09 March: Greetings from Wellington – 2014 GSA Distinguished International Lecture Tour

3/9/14

Wellington is a beautiful setting on a harbor set up against green hills, a compact, walkable downtown, and many spread-out suburbs. I gave two talks here to local geoscientists, including one in the largest wooden building in the Southern Hemisphere, a lovely structure with native wood interiors, and the other in a film studio turned GNS (Geological & Nuclear Science) center, where work on the Lord of the Rings movies was done. The talk was in a large theater used for movie viewing.

The largest wooden building in the Southern Hemisphere (a government building) designed to look like stone.
The largest wooden building in the Southern Hemisphere (a government building) designed to look like stone.

Cliff Atkins, of the University of Victoria, Wellington, put together a lovely field trip to the Wairarapa region, an up and coming wine producer, with interesting geology to boot.

Cliff Atkins pointing out features in the Wairarapa Valley.
Cliff Atkins pointing out features in the Wairarapa Valley.

The south Wairarapa Valley is the site of a Pliocene-Pleistocene, narrow paleoseaway that existed in a forearc basin (1-3Ma).  We also viewed Pliocene marine mudstones uncomformably overlain by Quaternary deposits.

The unconformity of Pliocene marine mudstones overlain by Quaternary gravels.
The unconformity of Pliocene marine mudstones overlain by Quaternary gravels.
A view of “Kupe Sail” from Cape Palliser.  It is made of tilted Miocene Mangatoetoe sedimentary rocks overlying  Mesozoic basement rocks.
A view of “Kupe’s Sail” from Cape Palliser. It is made of tilted Miocene Mangatoetoe sedimentary rocks overlying Mesozoic basement rocks.

The coast has uplifted marine terraces overlain by fluvial deposits. Other stops included Mesozoic basement greywackes and pillow basalts.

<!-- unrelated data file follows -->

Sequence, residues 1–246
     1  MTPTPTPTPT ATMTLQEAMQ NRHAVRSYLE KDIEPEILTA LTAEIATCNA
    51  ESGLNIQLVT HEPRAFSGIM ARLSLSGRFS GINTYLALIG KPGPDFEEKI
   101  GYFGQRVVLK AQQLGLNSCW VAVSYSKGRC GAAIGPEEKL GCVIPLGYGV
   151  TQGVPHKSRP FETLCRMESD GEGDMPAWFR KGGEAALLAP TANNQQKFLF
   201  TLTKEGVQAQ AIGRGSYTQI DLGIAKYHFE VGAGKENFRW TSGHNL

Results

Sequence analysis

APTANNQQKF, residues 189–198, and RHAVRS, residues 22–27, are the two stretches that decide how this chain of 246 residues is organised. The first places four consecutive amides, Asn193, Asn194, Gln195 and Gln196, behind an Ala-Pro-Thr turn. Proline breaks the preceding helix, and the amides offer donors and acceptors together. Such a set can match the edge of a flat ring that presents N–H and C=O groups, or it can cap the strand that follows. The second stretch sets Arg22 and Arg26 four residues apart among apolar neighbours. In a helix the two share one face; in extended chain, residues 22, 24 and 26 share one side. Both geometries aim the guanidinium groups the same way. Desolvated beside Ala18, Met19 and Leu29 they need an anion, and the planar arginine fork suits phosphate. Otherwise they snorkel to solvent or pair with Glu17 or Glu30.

Margie

2 thoughts on “09 March: Greetings from Wellington – 2014 GSA Distinguished International Lecture Tour

  1. The coastal exposures were indeed great!
    Here’s the word on the unconformity picture from expert Cliff Atkins:

    it is a regressive up sequence in the sense that it is marine at the bottom and terrestrial at the top. However, significant erosion of the mudstone has occurred with many younger Pleistocene marine units completed removed prior to deposition of the conglomerate.

    The underlying Pliocene mudstone was uplifted and wave erosion formed an extensive ‘bench’ into the mudstone during the sea level high stand during the last interglacial at 84000 years ago (Stage 5a). Subsequently, during the early stages of the last glacial cycle, sea level fell and thick fluvial conglomerates were deposited over the bench as the rivers flowed farther out to the glacial stage shoreline. Volcanic ash and loess layers within the conglomerate have been dated at about 60000 years ago.

  2. I liked the one with unconformity – quite a spectacular one!! Is it a regressive facies upward? Seems like you are getting more into the field components in New Zealand. Information on GNS Center and “Lord of the Rings” certainly drew my attention. Thanks Margie.

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